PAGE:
- What is its approximate yield to maturity?
- Assume that market interest rate declines to 6 percent in one year. What will be the rate of return if you buy the bond at current selling price today and sell the bond at the end of year ?

###### 3. 2070 Q.No. 8b

Everest Bank Ltd. issued a bond of Rs 10,000 par value with 5 years time to maturity. The coupon rate is 8 percent, paid semi-annually and going market interest rate on similar security is 10 percent. Calculate the duration of the bond and interpret.

SOLUTION

Face value (M) = Rs 10,000

Annual coupon rate (c) = 8%

Maturity period (n) = 5 years

YTM (y) = 10%

Hence, the duration of the bond is 4.28 years. It indicates the weighted average number of years that cash flows occur from the bond. Duration is a better measure of tin.e structure of bonds than years to maturity because duration reflects the amount and timing of every cash flow rather than merely the length of time until the final payment occurs. Moreover, duration is a measure of bond’s interest rate risk.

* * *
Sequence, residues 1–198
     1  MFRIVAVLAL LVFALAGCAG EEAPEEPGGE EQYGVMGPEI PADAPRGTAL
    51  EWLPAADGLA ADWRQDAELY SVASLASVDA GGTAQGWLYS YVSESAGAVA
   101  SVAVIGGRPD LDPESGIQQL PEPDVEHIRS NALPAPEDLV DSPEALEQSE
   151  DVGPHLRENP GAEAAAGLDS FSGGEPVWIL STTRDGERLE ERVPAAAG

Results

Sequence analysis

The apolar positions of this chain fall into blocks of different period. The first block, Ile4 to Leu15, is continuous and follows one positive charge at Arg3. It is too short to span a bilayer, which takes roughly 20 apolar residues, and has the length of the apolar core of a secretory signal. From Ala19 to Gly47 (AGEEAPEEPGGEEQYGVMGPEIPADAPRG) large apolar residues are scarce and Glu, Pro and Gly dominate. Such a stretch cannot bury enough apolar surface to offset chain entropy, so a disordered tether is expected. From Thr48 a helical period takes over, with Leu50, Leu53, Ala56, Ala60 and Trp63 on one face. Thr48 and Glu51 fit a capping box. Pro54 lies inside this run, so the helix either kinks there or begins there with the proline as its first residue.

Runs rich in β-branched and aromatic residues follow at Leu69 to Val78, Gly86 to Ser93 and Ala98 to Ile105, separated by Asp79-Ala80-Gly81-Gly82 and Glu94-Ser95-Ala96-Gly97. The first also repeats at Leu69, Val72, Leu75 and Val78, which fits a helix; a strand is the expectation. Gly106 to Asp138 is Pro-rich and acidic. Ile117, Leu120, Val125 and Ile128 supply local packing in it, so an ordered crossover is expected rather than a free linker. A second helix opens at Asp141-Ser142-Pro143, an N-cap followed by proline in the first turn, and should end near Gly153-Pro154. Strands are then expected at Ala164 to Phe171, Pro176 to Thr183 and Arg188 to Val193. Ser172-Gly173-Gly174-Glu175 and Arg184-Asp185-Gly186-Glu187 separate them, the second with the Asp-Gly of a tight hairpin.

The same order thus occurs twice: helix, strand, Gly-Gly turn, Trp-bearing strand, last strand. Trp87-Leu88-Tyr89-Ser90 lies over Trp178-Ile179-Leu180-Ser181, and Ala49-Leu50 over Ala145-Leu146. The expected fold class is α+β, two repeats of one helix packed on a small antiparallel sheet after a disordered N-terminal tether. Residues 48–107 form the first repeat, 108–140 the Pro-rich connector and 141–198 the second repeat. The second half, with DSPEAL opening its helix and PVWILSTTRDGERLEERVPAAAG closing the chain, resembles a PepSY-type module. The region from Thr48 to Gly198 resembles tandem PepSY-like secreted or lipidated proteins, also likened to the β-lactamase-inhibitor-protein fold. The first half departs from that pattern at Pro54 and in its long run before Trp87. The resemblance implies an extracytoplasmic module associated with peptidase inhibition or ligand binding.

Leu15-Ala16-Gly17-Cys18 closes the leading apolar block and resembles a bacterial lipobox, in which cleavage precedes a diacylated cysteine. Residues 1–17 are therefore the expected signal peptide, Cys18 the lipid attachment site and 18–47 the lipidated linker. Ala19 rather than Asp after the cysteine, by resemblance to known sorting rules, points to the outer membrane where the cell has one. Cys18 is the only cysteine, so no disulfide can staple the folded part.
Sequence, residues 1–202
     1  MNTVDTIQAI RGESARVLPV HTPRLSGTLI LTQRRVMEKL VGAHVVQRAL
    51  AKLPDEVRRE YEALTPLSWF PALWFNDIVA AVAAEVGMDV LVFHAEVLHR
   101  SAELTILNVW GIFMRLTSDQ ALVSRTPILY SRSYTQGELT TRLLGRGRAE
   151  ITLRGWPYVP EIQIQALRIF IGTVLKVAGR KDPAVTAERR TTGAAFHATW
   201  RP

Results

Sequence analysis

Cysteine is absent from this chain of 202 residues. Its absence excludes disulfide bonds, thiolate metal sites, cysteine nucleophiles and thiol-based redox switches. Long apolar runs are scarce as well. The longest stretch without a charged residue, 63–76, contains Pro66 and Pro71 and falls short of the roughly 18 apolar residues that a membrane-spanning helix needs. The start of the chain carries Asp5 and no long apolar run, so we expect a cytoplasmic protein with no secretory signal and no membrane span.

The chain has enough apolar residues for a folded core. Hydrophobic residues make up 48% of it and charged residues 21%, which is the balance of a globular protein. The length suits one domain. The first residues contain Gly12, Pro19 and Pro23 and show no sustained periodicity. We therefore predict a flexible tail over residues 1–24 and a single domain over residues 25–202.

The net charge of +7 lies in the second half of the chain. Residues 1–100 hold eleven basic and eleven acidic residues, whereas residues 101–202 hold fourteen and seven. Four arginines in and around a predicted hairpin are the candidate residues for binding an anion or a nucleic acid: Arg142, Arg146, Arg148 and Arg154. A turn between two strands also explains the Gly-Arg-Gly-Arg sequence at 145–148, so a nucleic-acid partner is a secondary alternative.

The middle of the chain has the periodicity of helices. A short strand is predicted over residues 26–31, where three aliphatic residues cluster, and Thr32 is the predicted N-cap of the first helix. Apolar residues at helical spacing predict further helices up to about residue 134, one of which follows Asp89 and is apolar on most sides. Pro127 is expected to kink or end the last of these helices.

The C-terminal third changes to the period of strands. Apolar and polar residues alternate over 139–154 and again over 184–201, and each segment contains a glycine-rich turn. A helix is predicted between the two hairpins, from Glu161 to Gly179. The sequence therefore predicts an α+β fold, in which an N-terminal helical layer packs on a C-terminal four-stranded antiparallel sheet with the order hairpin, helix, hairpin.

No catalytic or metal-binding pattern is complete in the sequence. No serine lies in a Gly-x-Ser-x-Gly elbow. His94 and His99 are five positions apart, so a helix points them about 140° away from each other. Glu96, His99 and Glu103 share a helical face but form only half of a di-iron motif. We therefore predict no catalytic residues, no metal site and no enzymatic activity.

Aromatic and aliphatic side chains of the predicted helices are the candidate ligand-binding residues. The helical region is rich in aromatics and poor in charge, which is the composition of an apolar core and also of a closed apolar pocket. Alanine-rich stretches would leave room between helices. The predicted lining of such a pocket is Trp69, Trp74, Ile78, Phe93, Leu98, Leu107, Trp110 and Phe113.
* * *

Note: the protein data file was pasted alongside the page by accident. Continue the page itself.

###### 4. Consider the following information.

###### 5. Consider the following information on a corporate bond:

Face value = Rs 1,000; Annual coupon rate = 10%; Payable semi-annually, maturity period = 3 yrs; YTM = 16%

- Calculate the duration of the bond assuming interest is payable annually.
- Why duration is calculated?

SOLUTION

Given:

Face value (M) = Rs 1,000

Annual coupon rate (c) = 10%

Maturity period (n) = 3 years

YTM (v) = 16%